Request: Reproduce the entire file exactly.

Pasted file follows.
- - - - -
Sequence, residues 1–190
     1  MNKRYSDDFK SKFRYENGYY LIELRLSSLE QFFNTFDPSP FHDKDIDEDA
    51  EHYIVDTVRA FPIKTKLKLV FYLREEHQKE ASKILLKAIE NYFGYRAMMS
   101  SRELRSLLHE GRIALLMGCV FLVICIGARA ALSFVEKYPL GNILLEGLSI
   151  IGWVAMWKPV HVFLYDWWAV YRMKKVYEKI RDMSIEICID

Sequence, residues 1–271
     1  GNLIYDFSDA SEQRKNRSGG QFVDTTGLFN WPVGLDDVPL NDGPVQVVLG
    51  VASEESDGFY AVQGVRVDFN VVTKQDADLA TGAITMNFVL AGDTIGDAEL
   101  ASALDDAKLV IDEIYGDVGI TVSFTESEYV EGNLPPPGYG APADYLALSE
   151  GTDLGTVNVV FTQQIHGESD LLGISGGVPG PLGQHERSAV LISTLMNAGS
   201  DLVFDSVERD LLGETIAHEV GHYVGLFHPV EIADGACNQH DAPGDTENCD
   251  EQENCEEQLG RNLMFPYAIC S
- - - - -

Sequence, residues 1–190
     1  MNKRYSDDFK SKFRYENGYY LIELRLSSLE QFFNTFDPSP FHDKDIDEDA
    51  EHYIVDTVRA FPIKTKLKLV FYLREEHQKE ASKILLKAIE NYFGYRAMMS
   101  SRELRSLLHE GRIALLMGCV FLVICIGARA ALSFVEKYPL GNILLEGLSI
   151  IGWVAMWKPV HVFLYDWWAV YRMKKVYEKI RDMSIEICID

Sequence, residues 1–271
     1  GNLIYDFSDA SEQRKNRSGG QFVDTTGLFN WPVGLDDVPL NDGPVQVVLG
    51  VASEESDGFY AVQGVRVDFN VVTKQDADLA TGAITMNFVL AGDTIGDAEL
   101  ASALDDAKLV IDEIYGDVGI TVSFTESEYV EGNLPPPGYG APADYLALSE
   151  GTDLGTVNVV FTQQIHGESD LLGISGGVPG PLGQHERSAV LISTLMNAGS
   201  DLVFDSVERD LLGETIAHEV GHYVGLFHPV EIADGACNQH DAPGDTENCD
   251  EQENCEEQLG RNLMFPYAIC S